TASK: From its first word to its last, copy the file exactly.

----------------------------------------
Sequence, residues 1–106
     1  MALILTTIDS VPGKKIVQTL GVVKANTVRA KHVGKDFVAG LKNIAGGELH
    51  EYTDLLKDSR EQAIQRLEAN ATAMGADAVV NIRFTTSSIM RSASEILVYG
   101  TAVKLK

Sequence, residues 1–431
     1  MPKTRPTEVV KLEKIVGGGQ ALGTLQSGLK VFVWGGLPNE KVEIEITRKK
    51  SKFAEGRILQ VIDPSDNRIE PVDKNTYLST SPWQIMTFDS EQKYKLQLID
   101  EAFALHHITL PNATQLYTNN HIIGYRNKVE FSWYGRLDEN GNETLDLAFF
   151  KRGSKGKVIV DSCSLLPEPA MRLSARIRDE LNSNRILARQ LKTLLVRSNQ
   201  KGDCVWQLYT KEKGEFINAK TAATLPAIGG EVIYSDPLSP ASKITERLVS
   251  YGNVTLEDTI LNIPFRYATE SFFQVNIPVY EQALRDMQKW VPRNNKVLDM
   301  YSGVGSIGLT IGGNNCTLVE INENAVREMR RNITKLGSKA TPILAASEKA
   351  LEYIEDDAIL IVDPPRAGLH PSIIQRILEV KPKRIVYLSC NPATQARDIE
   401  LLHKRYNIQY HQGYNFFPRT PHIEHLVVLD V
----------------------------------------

Sequence, residues 1–106
     1  MALILTTIDS VPGKKIVQTL GVVKANTVRA KHVGKDFVAG LKNIAGGELH
    51  EYTDLLKDSR EQAIQRLEAN ATAMGADAVV NIRFTTSSIM RSASEILVYG
   101  TAVKLK

Sequence, residues 1–431
     1  MPKTRPTEVV KLEKIVGGGQ ALGTLQSGLK VFVWGGLPNE KVEIEITRKK
    51  SKFAEGRILQ VIDPSDNRIE PVDKNTYLST SPWQIMTFDS EQKYKLQLID
   101  EAFALHHITL PNATQLYTNN HIIGYRNKVE FSWYGRLDEN GNETLDLAFF
   151  KRGSKGKVIV DSCSLLPEPA MRLSARIRDE LNSNRILARQ LKTLLVRSNQ
   201  KGDCVWQLYT KEKGEFINAK TAATLPAIGG EVIYSDPLSP ASKITERLVS
   251  YGNVTLEDTI LNIPFRYATE SFFQVNIPVY EQALRDMQKW VPRNNKVLDM
   301  YSGVGSIGLT IGGNNCTLVE INENAVREMR RNITKLGSKA TPILAASEKA
   351  LEYIEDDAIL IVDPPRAGLH PSIIQRILEV KPKRIVYLSC NPATQARDIE
   401  LLHKRYNIQY HQGYNFFPRT PHIEHLVVLD V